shoulder. If there's a theme to the band's lifestyle, it's beer
and cigarettes, as a table nestled among the second-hand furniture
quickly filled with spent PBR cans and ashtrays brimmed with cig
butts. "The CD has a lot of variety on it. You go from a song
that features a saw and upright bass to a track with three distorted
guitars and lots of rock and roll drumming. I like the fact that
we don't have a style to stick to and that people can't peg our
sound. It's all based on the songs."
"The biggest thing that drew me in as a fan was how the band is
song-oriented rather than sound-oriented," Anderson added. "The
second time I saw them play, for example, they opened with a Leonard Cohen
"You go from a song that
features a saw and upright bass to a track with three distorted
guitars and lots of rock and roll drumming."
"We're getting all the
advantages of being on Saddle Creek without actually being on Saddle
Their eclectic song-based recipe immediately
caught the ear of Omaha's more discernible indie music fans, and
the buzz soon followed. Among their biggest supporters were members
of Saddle Creek Records bands The Faint, The Good Life and Cursive.
Would Saddle Creek consider releasing the LP? Bellows said though
there was some talk, no one from the label made an offer.
"We haven't had any specific offers from anyone, at least not from
Saddle Creek," Bellows said. "We talked about it and are of the
same mind, but we would just as soon invest our own money in putting it
out right now. I know those guys are super supportive and have gotten us
some great shows, but at the same time, we don't fit real neatly on their
That hasn't stopped Neva Dinova from taking advantage of their Saddle
Creek connections, however. "We're talking about going out for a
couple weeks with The Good Life," Bellows said. "We've been
introduced to a lot of good people in the business. We're getting all the
advantages of being on Saddle Creek without actually being on Saddle
In fact, the Dec. 21 Music Box show that puts Neva Dinova on the same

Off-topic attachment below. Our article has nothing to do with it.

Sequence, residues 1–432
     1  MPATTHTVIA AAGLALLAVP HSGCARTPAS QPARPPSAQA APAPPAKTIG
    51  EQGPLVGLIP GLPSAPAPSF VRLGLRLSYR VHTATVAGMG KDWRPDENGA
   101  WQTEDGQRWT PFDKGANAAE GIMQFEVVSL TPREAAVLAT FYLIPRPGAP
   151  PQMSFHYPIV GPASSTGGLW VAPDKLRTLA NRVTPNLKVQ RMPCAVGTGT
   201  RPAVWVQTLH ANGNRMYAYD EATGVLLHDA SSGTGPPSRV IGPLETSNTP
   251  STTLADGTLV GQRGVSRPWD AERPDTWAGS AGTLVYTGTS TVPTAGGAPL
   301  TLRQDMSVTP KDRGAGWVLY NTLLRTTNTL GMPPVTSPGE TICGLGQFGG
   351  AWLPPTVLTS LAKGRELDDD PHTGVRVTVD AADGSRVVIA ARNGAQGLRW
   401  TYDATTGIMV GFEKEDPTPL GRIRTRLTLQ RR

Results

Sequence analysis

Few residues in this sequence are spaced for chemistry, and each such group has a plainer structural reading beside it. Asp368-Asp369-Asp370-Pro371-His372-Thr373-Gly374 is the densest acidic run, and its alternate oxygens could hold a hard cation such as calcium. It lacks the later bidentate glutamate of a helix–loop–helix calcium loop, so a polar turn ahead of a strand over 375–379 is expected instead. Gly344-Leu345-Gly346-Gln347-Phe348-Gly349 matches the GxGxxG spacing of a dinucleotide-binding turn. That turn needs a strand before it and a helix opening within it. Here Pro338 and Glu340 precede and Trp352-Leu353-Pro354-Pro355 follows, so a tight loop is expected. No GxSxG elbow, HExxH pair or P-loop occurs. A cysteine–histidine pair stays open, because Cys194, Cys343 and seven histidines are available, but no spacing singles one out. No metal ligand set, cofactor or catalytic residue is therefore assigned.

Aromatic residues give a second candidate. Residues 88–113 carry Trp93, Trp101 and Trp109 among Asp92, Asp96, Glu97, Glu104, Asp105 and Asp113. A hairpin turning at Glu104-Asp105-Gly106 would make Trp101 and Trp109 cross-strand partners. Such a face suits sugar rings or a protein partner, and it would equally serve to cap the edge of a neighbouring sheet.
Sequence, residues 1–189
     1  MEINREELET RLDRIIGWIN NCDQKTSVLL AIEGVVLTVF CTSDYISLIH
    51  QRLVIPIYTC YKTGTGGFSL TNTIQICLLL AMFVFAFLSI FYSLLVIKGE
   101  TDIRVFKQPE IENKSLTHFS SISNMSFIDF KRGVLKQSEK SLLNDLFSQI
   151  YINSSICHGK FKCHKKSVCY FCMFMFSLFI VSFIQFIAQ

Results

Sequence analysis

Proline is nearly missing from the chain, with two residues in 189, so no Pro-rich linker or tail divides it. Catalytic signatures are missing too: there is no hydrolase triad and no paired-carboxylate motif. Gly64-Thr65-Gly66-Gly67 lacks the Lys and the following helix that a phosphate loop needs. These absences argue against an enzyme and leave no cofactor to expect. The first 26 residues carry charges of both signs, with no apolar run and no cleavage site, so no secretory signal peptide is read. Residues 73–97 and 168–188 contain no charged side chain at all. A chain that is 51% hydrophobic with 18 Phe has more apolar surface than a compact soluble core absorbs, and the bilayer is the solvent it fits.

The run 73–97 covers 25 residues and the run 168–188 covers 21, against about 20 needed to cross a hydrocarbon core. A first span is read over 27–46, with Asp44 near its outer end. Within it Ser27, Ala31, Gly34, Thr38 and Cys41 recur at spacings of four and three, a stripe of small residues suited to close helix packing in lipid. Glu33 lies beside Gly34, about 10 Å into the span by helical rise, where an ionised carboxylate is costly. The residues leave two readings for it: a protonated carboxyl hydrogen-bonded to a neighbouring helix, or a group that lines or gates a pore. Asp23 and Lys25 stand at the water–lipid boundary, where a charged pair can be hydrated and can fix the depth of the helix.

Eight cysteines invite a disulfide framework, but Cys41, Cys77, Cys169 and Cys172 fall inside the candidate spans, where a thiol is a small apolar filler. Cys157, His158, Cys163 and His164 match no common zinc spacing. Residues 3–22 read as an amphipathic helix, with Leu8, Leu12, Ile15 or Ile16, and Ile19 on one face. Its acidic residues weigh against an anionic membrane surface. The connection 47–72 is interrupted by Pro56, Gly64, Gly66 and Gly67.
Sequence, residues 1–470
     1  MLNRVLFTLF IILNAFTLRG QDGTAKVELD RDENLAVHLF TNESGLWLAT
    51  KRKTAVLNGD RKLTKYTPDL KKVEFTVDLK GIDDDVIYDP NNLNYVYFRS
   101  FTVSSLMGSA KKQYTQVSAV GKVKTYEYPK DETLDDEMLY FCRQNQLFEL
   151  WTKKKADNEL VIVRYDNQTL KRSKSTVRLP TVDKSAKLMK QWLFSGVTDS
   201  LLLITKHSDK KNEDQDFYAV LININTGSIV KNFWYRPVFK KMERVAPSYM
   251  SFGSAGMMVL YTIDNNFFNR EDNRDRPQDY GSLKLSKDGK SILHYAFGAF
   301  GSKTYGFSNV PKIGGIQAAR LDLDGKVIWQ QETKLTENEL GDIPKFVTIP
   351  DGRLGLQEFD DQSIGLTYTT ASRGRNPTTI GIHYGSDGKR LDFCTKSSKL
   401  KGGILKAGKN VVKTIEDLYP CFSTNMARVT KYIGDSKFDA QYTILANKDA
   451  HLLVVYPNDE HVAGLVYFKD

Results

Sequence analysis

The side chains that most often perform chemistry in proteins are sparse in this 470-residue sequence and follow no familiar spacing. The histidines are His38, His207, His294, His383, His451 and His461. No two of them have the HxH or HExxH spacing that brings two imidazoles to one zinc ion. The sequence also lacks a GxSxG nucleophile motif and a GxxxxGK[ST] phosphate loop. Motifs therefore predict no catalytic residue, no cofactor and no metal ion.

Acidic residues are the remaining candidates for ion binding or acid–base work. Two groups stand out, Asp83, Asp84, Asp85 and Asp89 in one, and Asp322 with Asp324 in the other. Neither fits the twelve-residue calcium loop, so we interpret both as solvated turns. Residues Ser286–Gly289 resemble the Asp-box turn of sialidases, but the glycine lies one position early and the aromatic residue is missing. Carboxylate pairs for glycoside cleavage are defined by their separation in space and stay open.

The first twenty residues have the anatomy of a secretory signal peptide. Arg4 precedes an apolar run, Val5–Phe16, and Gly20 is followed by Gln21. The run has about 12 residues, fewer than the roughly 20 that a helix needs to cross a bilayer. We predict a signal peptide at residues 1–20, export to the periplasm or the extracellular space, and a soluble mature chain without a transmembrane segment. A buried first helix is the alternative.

bill as The Good Life, as well as The Movies and Race for Titles, was the
brainchild of Good Life drummer Roger Lewis.
"Not getting signed doesn't phase us because we've invested too
much in this band already," Bellows said. "I'm talking about
sacrificing a lot of opportunities -- a good job, going to school or
having a family. Giving up is not an option."
With CD in hand, the band plans to get out of town on a tour, if they
can ever actually figure out where they want to go. "We're gonna
write down a list of towns where we want to play," Bellows said.
"We're looking at six or seven states, including a swing through
Cincinnati, Lawrence, Kan., Minneapolis and Chicago."
"We want to go wherever people want to hear us," Anderson
said. "There are two people who bought three of our records in the
state of California. If they're down with helping us put on a show, we're
"Our biggest problem is that we're very process- rather than
goal-oriented," said Anderson, who now has a day-job practicing
law. "I don't think we see beyond the 'Oh gosh, it would be
great to tour or get a record deal.' All that stuff would be fantastic
but it's out of our hands. Perhaps it's misguided, but we concentrate
on making good songs, and with a little help and a little luck,
the rest will take care of itself. Or else we'll be the best band
that no one's ever heard of."
Published in The Omaha Weekly Dec. 12, 2001. Copyright 2001 Tim
McMahan. All rights reserved.